Monday, December 20, 2004

"Life in the U.S. Army Cantonment." Christmas postcard sent to Mrs. 30 July 1918

YMCA Xmas Card
Originally uploaded by Pip Wilson.

This is a YMCA Postcard sent home from the front.
The ymca had lots to do in the war - many wars.
You can see - if you peek closely - a ymca environment to care for the humans in need.

I love the stories of humanity coming to the fore at Christmas when we remember love coming in tenderness and .....

during the 1914-18 Great War

Observing the peace of Christmas in the midst of war seems the highest dichotomy, but indeed, combatants on both sides of the lines did mark the day throughout the war. Christmas 1914 saw a brief, unofficial truce between British and German soldiers in No Man's Land. The Americans in 1918 adopted children to give presents to. An American nurse serving in a British hospital bought candy for her patients.

Many references to Christmas during the Great War, like those on this page, are found in documents, photographs and postcards in the Liberty Memorial Museum.

On Christmas Eve [1914] there was a lull in the fighting. The Germans had a Christmas tree in the trenches.
- Gunner Herbert Smith, 5th Battery, Royal Field Artillery.

Christmas 1914
Suddenly a man from my company reported: 'The English are letting off fireworks.' And sure enough across the way from us the enemy trenches were lit up with fires and rockets and so on. We then made up a few banners ready 'Happy Christmas!' with a couple of candles behind and a couple on top.
- Unidentified German soldier's letter

Christmas in the trenches [1914]. It must have been sad, do you say? At midnight a baritone stood up and in a rich resonant voice sang 'Minuit, Chretiens.' The cannonade roared, and when the hymn finished applause broke out from our side and - from the German trenches!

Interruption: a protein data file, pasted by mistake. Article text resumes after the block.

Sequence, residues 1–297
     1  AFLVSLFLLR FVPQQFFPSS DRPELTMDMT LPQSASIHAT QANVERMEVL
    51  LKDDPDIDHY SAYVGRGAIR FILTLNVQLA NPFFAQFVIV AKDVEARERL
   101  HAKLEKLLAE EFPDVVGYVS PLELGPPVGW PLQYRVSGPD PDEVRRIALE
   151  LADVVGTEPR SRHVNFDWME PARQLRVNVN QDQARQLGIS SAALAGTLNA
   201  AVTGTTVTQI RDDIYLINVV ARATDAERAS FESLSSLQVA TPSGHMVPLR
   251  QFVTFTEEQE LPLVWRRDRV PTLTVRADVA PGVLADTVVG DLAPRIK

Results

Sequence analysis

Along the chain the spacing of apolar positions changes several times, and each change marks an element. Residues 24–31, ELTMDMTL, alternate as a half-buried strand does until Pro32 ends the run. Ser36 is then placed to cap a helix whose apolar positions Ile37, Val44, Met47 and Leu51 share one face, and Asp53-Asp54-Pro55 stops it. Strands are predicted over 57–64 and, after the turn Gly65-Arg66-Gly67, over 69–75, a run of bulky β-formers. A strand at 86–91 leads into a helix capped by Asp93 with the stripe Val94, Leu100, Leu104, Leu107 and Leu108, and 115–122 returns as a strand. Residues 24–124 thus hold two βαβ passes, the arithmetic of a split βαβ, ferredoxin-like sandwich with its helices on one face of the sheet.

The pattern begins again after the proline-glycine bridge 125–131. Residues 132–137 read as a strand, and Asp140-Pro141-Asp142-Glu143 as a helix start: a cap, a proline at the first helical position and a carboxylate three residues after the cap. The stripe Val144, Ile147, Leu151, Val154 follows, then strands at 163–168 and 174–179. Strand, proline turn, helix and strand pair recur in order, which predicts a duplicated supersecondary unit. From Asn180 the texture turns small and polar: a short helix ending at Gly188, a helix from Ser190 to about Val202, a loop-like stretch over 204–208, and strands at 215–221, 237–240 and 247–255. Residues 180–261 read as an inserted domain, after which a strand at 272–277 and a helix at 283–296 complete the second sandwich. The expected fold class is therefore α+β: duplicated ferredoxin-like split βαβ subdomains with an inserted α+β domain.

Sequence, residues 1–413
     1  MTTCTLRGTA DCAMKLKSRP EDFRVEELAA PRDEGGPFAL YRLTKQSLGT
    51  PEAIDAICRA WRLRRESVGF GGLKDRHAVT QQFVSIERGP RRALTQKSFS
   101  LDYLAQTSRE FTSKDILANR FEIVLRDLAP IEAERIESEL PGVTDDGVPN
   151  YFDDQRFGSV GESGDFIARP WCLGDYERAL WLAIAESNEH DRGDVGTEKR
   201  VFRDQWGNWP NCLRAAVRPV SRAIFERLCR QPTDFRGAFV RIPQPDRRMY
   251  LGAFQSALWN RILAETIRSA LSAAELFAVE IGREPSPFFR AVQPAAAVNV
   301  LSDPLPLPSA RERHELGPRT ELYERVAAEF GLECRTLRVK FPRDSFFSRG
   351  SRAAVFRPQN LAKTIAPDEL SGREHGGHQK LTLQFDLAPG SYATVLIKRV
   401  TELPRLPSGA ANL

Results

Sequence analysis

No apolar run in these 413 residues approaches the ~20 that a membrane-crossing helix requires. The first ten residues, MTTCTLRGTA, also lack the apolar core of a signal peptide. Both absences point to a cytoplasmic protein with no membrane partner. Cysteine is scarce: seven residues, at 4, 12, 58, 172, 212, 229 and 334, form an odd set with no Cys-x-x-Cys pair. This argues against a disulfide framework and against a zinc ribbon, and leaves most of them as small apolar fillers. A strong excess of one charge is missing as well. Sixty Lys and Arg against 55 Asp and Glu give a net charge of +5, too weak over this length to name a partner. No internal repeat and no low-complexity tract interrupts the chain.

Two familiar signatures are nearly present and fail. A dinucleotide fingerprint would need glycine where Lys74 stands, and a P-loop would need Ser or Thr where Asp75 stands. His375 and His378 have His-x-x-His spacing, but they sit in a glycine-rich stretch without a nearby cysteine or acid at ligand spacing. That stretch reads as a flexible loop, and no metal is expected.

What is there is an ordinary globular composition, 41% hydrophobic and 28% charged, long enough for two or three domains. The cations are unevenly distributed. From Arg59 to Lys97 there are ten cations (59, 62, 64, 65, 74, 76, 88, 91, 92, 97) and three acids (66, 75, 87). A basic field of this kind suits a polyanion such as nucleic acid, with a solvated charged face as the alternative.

- A Belgian soldier's letter.

Now we are in front of Hill 60 and it's Christmas evening 1915, our company is in the second line in the concrete bunkers.... Now it's Christmas for the second time in this war.... I have to look for a Christmas tree, without a tree there is no Christmas.... It's a wonderful winter day, there is a rare silence over the Front.
What would be the life at home in a little town on Christmas Eve? Everybody would be in a hurry, going home with presents under the arm. And here I am alone with my tree in a small trench. Some candles are fixed on the branches and an old steel helmet.
- Gemeiner Ernst Bergner, 143rd Infantry Regiment, Imperial German Army.

During the Allied occupation of Germany following the Armistice, American troops in Coblenz raised a Christmas tree in front of the Government building. Placing long strands of lights on the pine tree, it soon lit up the area after dusk. As music enveloped the large crowd of soldiers and German civilians, a festive air was made more so when the children received paper trumpets and other goodies pulled from soldiers' pockets. For the first time in years, the windows of the Government Palace were also lit and a lighted cross placed on top of the building.

'Just a few feet from me are members of a typical German family, throwing up a tiny Christmas tree, decorating it thoroughly in accordance with all respect due to the famed Christmas tree.'
- Sergeant 1st Class Charles Stevenson, Co. A, 314th Engineers, 89th Division in a letter dated 24 December 1918.